Prehypertension (early stage high blood pressure)
Prehypertension is when blood pressure is consistently ranging from 120-139/80-89 mm Hg. People with prehypertension are likely to develop high blood pressure unless steps are taken to control it.
Hypertension Stage 1
Hypertension Stage 1 is when blood pressure is consistently ranging from 140-159/90-99 mm Hg. At this stage of high blood pressure, doctors are likely to prescribe lifestyle changes and may consider adding blood pressure medication.
Hypertension Stage 2
Hypertension Stage 2 is when blood pressure is consistently ranging at levels greater than 160/100 mm Hg. At this stage of high blood pressure, doctors are likely to prescribe a combination of blood pressure medications along with lifestyle changes.
This is when high blood pressure requires emergency medical attention. If your blood pressure is higher than 180/110 mm Hg and you are NOT experiencing symptoms such as chest pain, shortness of breath, back pain, numbness/weakness, changes in vision or difficulty speaking, wait about five minutes and take it again. If the reading is still at or above that level, you should CALL your local emergency number and get help immediately.
A hypertensive (high blood pressure) crisis is when blood pressure rises quickly and severely. There are two types of hypertensive crises — both require immediate medical attention 9).
- Hypertensive Urgency
If you get a blood pressure reading of 180/110 or greater, wait about five minutes and try again. If the second reading is just as high, seek immediate medical help. Early evaluation of organ function is critical to determine an appropriate course of action. Your elevated reading may or may not be accompanied by one or more of the following symptoms 10):
- Severe headache
- Shortness of breath
- Severe anxiety
Treatment of hypertensive urgency may involve adjusting or adding medications, but rarely requires hospitalization.
- Hypertensive Emergency
Hypertensive emergencies generally occur at blood pressure levels exceeding 180 systolic OR 120 diastolic, but organ damage can occur at even lower levels in patients whose blood pressure had not been previously high.
The consequences of uncontrolled blood pressure in this range can be severe and include 11):
- Loss of consciousness
- Memory loss
- Heart attack
- Damage to the eyes and kidneys
- Loss of kidney function
- Aortic dissection
- Angina (unstable chest pain)
- Pulmonary edema (fluid backup in the lungs)
Brachial artery injury
Vascular injuries of the upper extremity represent approximately 30% to 50% of all peripheral vascular injuries. The majority of injuries are to the brachial artery, and 90% of injuries are due to penetrating trauma 12). The morbidity and mortality rates associated with brachial artery injuries depend on the cause of the injury itself, which vein or tendon is injured, and whether musculoskeletal and nerve injuries are also present. In recent years, the limb salvage rate has reached nearly 100% because of early transport of patients to the hospital, early diagnosis, increased surgical experience, and developments in the treatment of hypovolemic shock and the use of antibiotic therapy 13).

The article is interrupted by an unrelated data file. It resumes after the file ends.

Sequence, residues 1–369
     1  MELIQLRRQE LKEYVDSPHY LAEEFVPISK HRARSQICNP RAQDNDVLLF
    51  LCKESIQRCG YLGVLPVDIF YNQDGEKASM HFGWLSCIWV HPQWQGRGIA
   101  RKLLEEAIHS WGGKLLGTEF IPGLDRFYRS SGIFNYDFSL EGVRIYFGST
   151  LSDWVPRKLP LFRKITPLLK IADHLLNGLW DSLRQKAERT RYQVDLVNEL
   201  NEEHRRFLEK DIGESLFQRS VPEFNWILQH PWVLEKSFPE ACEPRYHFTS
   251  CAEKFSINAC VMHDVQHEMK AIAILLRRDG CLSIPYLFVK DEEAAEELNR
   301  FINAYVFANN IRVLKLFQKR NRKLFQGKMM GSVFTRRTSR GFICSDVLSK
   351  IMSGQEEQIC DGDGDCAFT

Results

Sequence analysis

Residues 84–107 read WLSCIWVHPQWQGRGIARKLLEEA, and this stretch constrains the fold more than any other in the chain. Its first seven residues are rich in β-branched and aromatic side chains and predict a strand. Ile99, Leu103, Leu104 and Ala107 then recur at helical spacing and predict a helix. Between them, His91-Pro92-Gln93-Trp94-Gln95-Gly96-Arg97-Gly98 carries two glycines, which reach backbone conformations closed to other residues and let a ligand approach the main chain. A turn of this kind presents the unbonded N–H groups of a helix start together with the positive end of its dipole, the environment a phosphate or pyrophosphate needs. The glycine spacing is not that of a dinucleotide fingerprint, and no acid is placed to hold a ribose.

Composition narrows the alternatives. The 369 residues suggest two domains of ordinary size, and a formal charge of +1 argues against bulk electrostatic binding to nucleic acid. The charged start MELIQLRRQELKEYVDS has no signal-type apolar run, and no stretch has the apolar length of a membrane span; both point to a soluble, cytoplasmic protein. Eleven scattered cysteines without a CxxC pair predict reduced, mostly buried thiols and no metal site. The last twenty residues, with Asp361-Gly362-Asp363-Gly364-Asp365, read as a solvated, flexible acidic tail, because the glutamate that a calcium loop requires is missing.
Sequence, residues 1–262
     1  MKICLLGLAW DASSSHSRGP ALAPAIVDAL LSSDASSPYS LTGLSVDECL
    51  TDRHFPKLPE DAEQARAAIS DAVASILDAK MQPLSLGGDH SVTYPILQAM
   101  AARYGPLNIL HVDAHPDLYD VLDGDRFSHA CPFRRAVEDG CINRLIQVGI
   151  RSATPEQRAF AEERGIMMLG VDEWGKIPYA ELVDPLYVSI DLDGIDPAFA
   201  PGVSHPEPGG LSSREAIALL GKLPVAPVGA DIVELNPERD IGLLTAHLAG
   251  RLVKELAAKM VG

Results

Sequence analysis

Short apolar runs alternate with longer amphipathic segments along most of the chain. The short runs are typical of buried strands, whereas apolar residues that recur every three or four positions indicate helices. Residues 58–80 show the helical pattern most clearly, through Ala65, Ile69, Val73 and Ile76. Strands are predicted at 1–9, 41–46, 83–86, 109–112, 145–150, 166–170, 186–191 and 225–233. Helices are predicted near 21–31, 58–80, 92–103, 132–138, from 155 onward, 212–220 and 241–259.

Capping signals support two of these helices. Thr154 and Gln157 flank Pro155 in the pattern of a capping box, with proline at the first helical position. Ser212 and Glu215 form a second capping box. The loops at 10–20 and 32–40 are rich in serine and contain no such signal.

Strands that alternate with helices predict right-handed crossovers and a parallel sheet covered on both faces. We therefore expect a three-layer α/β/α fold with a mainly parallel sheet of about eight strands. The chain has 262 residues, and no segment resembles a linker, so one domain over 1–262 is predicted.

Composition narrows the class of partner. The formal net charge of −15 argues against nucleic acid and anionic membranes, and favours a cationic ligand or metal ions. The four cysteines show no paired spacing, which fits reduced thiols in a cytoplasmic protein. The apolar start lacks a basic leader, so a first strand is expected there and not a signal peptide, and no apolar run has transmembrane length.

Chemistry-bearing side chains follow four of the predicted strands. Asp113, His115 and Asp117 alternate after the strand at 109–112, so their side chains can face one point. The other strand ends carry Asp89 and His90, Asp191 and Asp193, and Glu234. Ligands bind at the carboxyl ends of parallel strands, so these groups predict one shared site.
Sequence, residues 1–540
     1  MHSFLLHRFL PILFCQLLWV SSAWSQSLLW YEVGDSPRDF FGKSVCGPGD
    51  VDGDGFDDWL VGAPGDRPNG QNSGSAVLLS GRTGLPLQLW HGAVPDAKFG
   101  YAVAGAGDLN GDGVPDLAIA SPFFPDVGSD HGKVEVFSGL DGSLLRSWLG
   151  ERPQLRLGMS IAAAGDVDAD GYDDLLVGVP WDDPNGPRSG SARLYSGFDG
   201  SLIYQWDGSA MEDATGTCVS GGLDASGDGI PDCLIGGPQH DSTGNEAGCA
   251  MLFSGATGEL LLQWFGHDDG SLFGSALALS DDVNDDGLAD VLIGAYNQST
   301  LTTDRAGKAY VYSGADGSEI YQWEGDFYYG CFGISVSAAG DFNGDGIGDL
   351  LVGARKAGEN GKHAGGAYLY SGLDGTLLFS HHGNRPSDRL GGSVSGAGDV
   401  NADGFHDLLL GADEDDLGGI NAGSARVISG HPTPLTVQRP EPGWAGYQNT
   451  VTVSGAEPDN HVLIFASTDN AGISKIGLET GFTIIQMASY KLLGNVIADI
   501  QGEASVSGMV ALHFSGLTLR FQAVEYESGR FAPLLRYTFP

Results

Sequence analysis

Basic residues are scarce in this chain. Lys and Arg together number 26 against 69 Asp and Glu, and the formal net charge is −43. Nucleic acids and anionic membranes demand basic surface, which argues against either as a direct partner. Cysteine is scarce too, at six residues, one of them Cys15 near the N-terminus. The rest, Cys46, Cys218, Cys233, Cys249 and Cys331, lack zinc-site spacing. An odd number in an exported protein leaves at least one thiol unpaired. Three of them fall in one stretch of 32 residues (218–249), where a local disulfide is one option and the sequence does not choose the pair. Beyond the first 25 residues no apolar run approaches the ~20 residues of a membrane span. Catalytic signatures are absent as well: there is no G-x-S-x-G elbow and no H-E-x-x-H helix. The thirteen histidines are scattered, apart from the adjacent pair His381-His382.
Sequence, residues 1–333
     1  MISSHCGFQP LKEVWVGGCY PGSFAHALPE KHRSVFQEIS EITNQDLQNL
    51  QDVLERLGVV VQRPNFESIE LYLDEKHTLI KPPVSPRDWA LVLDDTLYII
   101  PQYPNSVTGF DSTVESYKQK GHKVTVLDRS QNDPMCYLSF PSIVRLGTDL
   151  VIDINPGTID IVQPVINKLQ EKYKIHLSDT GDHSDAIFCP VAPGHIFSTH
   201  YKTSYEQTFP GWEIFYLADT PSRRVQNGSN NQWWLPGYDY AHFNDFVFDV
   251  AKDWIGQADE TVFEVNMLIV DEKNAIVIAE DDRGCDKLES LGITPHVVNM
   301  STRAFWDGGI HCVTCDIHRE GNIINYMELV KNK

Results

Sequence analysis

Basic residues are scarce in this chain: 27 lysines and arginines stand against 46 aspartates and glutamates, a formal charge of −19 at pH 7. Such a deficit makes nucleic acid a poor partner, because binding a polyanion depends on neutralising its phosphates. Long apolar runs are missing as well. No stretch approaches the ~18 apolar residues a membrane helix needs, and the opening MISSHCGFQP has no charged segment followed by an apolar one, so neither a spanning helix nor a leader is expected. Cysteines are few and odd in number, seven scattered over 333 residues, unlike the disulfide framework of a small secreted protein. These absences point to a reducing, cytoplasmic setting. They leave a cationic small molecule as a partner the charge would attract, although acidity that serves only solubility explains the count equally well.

Patients with obvious clinical symptoms of brachial artery injuries as detected by physical examination and those in whom Doppler ultrasonography demonstrates a substantial difference in pressure between the right and left brachial arteries should undergo surgical repair without further angiographic examination. Doppler ultrasonography of the upper extremity has been shown to be as specific and sensitive as arteriography in detecting brachial artery injuries 14). Normally, the average brachial–brachial Doppler pressure index between the 2 upper extremities is approximately 0.95; it is rarely less than 0.85 15). If uncertainty remains regarding vascular injuries after physical examination and Doppler ultrasonography, angiography may be used to confirm the vascular injury.
Compartmental edema or contusion can impair venous drainage and arterial flow and can cause pressure injuries to the nerves 16).
Major venous injuries, fractures, and widespread tissue destruction may also influence the long-term function of the extremity 17). Whether primary and secondary nerve repair procedures are helpful is a point of controversy 18). The rate of functional disability ranges from 27% to 44% when injury to the upper extremity includes nerve injuries 19).
Table 2. Signs and Symptoms of Arterial Ischemia among Patients with Traumatic Brachial Artery Injury
References [ + ]